Thursday, 25 November 2010

History of Animation

The Disney Era (1928-1941)
The years 1928-41 are often referred to as the “Golden Age of Animation”; during that time, the medium underwent a growth and transformation unparalleled in the history of visual arts. Only twelve years separate the premiers of “Steamboat Willie” (November 18, 1928) and “Fantasia” (November 13, 1940), but the aesthetic gap between these films is staggering. It was as if painting had gone from the flat, conventionalized style of Byzantine icons to rich three-dimentionality of Rembrandt portrait in a few decades.
This transformation was largely achieved through the dedication, talent and vision of Walt Disney and the artists he employed. Virtually every tool and technique in the animator’s repertoire was discovered, invented or perfected at the Disney studio during the era.
His distribution contract with Pat Powers enabled Disney to begin the Mickey Mouse series in 1928-29, with an animation staff that included Ub Iweks, Wilfred jackson, Les Clark and Johnny Cannon. “Gallopin’ Gaucho” and “Plane Crazy” were released with soundracks, followed by the “Barn Dance”, “Opray House” and “When the Cat’s Away”, all to very favorable audience response. Mickey was already beginning to rival Felix the Cat in popularity.
Instead of remaining content with Mickey’s success, Disney struck out in an entirely new direction with a series of music oriented fantasies he called Silly Symphonies. Organist/composer Carl Stalling initiated the idea when he suggested setting a graveyard romp to Edward Grieg’s “March of the Dwarfs” Disney agreed, and the result was “The Skeleton dance”
Traditional animation
The first animated film was created by Charles-Émile Reynaud, inventor of the praxinoscope, an animation system using loops of 12 pictures. On October 28, 1892 at Musée Grévin in Paris, France he exhibited animations consisting of loops of about 500 frames, using his Théâtre Optique system - similar in principle to a modern film projector.
The first animated work on standard picture film was Humorous Phases of Funny Faces (1906) by J. Stuart Blackton. It features what appears to be a cartoonist drawing faces on a chalkboard, and the faces apparently coming to life; whereas it was actually black line art drawn on white paper and then printed as a film-negative to look like white chalk.
Fantasmagorie, by the French director Émile Cohl (also called Émile Courtet), is also noteworthy. It was screened for the first time on August 17, 1908 at Théâtre du Gymnase in Paris. Émile Courtet later went to Fort Lee, New Jersey near New York City in 1912, where he worked for French studio Éclair and spread its technique in the US.
Influenced by Cohl, Russian scientist Ladislas Starevitch started to create animated films using dead insects with wire limbs. In 1911 he created "The Cameraman's Revenge", a complex tale of treason, suicide and violence between several different insects. It is a pioneer work of puppet animation, and the oldest known example of an animated film of such dramatic complexity, with characters filled with motivation, desire and feelings.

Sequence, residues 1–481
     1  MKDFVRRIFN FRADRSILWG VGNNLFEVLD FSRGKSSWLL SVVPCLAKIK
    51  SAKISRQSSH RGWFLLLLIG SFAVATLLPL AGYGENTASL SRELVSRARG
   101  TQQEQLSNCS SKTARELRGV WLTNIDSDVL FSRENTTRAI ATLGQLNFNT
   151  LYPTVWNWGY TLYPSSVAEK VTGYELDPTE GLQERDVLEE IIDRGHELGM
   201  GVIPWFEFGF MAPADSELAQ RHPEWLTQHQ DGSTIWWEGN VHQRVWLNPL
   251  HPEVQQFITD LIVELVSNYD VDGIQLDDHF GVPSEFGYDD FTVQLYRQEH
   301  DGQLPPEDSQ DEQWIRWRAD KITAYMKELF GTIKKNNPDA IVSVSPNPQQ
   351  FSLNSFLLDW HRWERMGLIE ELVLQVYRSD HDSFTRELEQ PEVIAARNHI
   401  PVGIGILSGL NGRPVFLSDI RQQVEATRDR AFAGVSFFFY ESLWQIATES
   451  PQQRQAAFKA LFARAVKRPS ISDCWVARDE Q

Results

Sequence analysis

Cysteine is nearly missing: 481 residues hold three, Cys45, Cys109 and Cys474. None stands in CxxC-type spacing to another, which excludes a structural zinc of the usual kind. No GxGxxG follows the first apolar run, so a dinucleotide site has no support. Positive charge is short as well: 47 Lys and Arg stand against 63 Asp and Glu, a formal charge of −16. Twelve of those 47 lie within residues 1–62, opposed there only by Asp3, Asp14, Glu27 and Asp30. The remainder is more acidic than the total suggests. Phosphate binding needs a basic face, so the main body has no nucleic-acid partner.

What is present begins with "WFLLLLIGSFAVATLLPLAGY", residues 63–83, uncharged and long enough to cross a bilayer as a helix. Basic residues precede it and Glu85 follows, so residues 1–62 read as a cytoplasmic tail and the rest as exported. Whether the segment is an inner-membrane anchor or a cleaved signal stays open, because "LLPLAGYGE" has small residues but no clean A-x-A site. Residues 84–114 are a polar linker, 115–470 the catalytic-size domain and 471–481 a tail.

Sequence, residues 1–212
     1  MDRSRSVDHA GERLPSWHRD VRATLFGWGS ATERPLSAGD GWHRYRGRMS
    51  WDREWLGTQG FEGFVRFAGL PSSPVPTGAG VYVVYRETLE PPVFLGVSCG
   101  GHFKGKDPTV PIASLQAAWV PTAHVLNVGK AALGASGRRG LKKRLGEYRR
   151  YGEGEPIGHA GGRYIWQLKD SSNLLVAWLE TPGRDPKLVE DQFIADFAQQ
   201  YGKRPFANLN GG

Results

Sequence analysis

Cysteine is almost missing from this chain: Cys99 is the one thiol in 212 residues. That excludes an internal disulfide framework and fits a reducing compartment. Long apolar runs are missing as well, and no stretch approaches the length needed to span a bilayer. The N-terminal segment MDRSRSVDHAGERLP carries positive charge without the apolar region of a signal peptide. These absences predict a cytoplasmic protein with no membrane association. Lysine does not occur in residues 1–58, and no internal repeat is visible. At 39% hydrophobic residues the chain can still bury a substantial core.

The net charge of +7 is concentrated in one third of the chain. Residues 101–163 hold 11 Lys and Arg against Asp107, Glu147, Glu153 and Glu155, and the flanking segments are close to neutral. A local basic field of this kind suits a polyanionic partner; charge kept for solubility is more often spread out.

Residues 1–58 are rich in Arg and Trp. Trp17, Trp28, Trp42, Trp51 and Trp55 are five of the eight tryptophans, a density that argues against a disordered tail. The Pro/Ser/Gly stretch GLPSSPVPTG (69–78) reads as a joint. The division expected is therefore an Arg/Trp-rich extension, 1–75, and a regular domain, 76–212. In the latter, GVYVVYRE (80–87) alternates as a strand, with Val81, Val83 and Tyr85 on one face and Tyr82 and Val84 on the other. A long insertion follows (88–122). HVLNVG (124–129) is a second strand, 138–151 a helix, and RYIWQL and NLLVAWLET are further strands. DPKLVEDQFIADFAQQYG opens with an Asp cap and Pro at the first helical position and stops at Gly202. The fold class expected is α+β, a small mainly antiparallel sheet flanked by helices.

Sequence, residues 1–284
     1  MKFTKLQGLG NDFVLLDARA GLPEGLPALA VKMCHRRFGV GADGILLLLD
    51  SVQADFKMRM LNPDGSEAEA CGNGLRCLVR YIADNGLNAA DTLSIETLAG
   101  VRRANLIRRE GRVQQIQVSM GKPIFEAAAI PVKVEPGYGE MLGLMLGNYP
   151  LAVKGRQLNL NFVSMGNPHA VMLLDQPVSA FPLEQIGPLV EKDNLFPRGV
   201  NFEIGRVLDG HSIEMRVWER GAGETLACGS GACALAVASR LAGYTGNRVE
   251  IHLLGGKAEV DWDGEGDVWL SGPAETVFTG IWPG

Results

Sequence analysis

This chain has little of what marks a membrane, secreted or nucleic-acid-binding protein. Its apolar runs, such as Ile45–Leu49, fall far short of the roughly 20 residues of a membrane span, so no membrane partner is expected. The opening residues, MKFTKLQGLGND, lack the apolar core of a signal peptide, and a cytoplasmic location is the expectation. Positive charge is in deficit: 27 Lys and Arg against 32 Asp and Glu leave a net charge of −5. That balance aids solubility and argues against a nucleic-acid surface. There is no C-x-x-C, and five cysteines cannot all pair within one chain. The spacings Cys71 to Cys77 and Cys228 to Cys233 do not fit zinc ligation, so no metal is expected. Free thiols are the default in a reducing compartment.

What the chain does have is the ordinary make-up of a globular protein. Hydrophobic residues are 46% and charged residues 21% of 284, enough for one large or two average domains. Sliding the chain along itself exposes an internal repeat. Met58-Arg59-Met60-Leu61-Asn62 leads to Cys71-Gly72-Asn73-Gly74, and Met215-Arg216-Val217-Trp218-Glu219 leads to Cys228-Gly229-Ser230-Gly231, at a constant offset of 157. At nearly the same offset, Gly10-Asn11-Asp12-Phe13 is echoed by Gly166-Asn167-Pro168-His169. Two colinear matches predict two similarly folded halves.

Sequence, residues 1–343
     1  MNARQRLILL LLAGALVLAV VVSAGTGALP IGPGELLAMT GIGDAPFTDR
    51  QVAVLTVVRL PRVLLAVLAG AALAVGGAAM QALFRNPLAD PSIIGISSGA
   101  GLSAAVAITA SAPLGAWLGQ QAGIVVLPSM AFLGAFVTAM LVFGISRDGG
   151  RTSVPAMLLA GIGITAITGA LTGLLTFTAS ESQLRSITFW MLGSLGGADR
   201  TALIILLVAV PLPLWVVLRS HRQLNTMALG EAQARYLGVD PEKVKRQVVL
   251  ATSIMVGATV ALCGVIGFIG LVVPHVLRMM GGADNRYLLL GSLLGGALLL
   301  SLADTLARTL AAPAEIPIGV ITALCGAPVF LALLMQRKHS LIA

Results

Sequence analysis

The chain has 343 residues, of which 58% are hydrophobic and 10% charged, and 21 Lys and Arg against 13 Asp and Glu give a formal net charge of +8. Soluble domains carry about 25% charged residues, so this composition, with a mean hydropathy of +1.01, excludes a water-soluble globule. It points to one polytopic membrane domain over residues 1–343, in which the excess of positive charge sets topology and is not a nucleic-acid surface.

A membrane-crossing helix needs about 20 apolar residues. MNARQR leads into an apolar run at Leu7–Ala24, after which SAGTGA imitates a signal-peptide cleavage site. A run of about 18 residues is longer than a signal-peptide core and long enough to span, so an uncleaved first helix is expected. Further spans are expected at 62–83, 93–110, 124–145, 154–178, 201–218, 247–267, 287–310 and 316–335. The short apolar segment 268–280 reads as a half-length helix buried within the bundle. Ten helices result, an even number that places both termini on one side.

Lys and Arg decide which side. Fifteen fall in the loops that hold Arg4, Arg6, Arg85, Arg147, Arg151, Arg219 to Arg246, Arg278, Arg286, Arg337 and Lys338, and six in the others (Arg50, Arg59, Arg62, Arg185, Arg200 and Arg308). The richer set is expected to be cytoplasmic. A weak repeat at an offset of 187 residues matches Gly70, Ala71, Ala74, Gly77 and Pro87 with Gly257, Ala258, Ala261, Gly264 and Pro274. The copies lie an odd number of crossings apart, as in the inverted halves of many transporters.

In 1914, American cartoonist Winsor McCay released Gertie the Dinosaur, an early example of character animation.
Stop motion
Stop motion is used for many animation productions using physical objects rather than images of people, as with traditional animation. An object will be photographed, moved slightly, and then photographed again. When the pictures are played back in normal speed the object will appear to move by itself.
The first example of object manipulation and stop-motion animation was the 1899 short film by Albert E. Smith and J. Stuart Blackton called The Humpty Dumpty Circus. A European stop motion pioneer was Wladyslaw Starewicz (1892–1965), who animated The Beautiful Lukanida (1910), The Battle of the Stag Beetles (1910), The Ant and the Grasshopper (1911).
This process is used for many productions, for example, the most common types of puppets are clay puppets, as used in The California Raisins and Wallace and Gromit, and figures made of various rubbers, cloths and plastic resins, such as The Nightmare Before Christmas and James and the Giant Peach. Sometimes even objects are used, such as with the films of Jan Švankmajer.
Stop motion animation was also commonly used for special effects work in many live-action films, such as the 1933 version of King Kong and The 7th Voyage of Sinbad.
CGI animation
Computer-generated imagery (CGI) revolutionized animation. The first film done completely in CGI was Toy Story, produced by Pixar. The process of CGI animation is still very tedious and similar in that sense to traditional animation, and it still adheres to many of the same principles.
A principal difference of CGI Animation compared to traditional animation is that drawing is replaced by 3D modeling, almost like virtual version of stop-motion, though a form of animation that combines the two worlds can be considered to be computer aided animation but on 2D computer drawing (which can be considered close to traditional drawing and sometimes based on it).
Refferences :       
The History of Animation –Enchanted Drawings- Charles Solomon.
Google and Wikipedia

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